My journey to recovery really started once I was discharged and went back home. I no longer had nurses helping me with the day to day activities. My parents and siblings tried their best to support me whenever I needed it, but it was strange.

I recall tying to braid my hair and realising I couldn’t. It takes too hands and there was no way around the fact you have to hold the strands tightly in order to form a good braid. A simple task like braiding became something I could no longer do.

It took a lot of trial and error for me to understand my limitations but with that I also started to observe that I was adapting. I could now do a lot more with my left hand, and there was also a sense of accomplishment with every task that I learnt to do.

Going back to university after a year out was incredible tough, I didn’t want to have to explain what had happened to everyone. The fact that I had now been assigned a note taker to help me with scribing was already suspect. Some students assumed that I was lazy because it wasn’t explicitly obvious that I had dexterity issues with my right hand.

Do you remember the moment you finally thought ‘I can do this? I’ll make it.’ How did you come to that realisation? How did you feel?

I thank God for my family because although sometimes annoying, their positivity and encouragement inspired me to adopt a positive attitude to my new normal.  I felt like I had two choices really, to either allow what happened to change me completely or to continue learning and adapting. I also felt like I was given a second chance to really make the best out of life.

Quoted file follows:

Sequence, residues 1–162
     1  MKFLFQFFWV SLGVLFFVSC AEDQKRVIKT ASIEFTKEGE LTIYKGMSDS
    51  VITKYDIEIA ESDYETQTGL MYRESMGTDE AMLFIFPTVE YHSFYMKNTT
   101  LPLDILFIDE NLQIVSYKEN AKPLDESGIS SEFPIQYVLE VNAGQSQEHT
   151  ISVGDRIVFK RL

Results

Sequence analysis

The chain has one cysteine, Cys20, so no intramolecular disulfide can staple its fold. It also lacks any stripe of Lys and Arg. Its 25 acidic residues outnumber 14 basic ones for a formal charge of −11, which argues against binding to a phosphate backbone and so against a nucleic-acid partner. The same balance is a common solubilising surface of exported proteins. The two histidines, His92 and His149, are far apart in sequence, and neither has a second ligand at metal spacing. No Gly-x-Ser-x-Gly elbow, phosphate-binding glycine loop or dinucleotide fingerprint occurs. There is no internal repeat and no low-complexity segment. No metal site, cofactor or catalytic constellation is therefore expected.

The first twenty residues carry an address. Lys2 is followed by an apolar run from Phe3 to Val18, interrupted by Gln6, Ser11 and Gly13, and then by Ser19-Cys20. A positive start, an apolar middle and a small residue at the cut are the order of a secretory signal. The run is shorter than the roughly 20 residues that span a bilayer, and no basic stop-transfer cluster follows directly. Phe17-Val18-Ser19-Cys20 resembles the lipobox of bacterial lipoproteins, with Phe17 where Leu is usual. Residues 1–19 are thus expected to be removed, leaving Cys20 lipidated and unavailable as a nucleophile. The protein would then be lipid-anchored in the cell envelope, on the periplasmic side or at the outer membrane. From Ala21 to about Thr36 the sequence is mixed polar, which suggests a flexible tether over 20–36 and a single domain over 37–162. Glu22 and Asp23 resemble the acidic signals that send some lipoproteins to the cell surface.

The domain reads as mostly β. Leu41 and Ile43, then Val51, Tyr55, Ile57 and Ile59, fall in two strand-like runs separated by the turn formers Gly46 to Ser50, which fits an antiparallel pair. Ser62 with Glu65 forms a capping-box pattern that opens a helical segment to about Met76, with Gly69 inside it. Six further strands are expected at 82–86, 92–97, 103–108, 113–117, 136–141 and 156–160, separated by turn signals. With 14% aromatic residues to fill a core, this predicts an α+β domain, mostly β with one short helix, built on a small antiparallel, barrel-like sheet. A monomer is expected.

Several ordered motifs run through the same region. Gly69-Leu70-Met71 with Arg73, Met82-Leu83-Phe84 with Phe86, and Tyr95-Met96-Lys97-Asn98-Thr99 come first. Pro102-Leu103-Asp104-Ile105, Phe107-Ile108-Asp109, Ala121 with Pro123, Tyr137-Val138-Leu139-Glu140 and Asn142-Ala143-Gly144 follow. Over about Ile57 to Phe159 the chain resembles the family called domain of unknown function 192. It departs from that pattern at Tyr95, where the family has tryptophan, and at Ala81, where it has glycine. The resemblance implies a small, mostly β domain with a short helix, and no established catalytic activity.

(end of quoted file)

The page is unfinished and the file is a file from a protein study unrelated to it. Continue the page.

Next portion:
After reading about other experiences with AVM bleeds I realised that God had really spared me from a lot. I have so much to be grateful for and although new challenges crop up from time to time, I have learnt from past experience that once I get past the fear, I am able get through it. 

Where did you get the drive/motivation to continue even when you did not feel physically able to?

My family is incredibly supportive. I have frequent conversations with my husband about my fears. He is an incredible listener; we pray together whenever I feel overwhelmed. He constantly reminds me of what I achieved in the past and reinforces the message that I can do anything I set my mind to. His kind words and the vision we have for our family really motivate me to keep trying and never give up.

We hear a lot these days about finding ‘our tribe’ or a support group of sorts that stand by us through thick and thin. Who would you say have been in your tribe and how have they supported on your recovery journey?

Without naming names, I have incredible friends who are supportive of me and have been there at different stages of my journey. With different phases in life my tribe is evolving but I am incredible blessed to have a group of positive, caring and empowering ladies by my side.

“Human ideas of good can be incongruent to God’s idea of good” TillyJoanAdams

How do you reconcile the physical and emotional trauma you have experienced with the knowledge that God is good?

I find that the human ideas of good can be incongruent to GOD’s idea of good, so I don’t tend to dwell on that per say.

My relationship with God at the time of the incident was not great, and I recall feeling like God was punishing me for being disobedient but over the years I have reconciled that feeling with Jeremiah 29:11 “For I know the thoughts that I think toward you, saith the Lord, thoughts of peace, and not of evil, to give you an expected end.”

The Bible is very encouraging, whenever I feel overwhelmed by negative thoughts I turn to God for help. Philippians 4:13 reminds me that “I can do all things through Christ which strengtheneth me”. The thing is I don’t blame God for what happened to me as I believe there where lessons I needed to learn. As a result of what happened to me, I have a greater sense of empathy towards others. I am also a testament to the fact that resilience is sometimes built through adversity.

How’s life now? How would you describe this season of your life?